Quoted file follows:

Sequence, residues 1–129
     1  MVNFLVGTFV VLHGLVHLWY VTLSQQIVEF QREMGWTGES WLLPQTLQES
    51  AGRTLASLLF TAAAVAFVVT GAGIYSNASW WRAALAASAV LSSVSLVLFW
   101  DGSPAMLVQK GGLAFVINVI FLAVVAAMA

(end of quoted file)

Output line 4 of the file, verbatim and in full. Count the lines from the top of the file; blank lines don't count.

   101  DGSPAMLVQK GGLAFVINVI FLAVVAAMA